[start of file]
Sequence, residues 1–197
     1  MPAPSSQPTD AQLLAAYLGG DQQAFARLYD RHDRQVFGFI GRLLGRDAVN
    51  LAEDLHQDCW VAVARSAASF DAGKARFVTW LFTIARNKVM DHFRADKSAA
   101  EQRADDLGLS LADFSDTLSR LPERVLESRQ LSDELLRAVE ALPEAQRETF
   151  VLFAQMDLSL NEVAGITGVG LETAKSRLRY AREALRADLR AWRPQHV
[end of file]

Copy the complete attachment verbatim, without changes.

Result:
Sequence, residues 1–197
     1  MPAPSSQPTD AQLLAAYLGG DQQAFARLYD RHDRQVFGFI GRLLGRDAVN
    51  LAEDLHQDCW VAVARSAASF DAGKARFVTW LFTIARNKVM DHFRADKSAA
   101  EQRADDLGLS LADFSDTLSR LPERVLESRQ LSDELLRAVE ALPEAQRETF
   151  VLFAQMDLSL NEVAGITGVG LETAKSRLRY AREALRADLR AWRPQHV